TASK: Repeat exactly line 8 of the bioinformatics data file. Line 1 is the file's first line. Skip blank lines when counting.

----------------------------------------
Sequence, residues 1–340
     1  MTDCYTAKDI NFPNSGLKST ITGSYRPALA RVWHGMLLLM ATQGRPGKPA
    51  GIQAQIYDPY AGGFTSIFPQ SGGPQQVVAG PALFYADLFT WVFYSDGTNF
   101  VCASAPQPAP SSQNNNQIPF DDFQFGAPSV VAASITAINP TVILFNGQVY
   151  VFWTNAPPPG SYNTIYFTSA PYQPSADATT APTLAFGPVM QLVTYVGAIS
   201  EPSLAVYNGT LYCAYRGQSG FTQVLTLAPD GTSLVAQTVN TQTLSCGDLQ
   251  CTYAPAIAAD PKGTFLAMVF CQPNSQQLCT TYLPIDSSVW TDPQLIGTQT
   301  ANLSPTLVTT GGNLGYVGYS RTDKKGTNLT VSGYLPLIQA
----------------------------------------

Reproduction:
   301  ANLSPTLVTT GGNLGYVGYS RTDKKGTNLT VSGYLPLIQA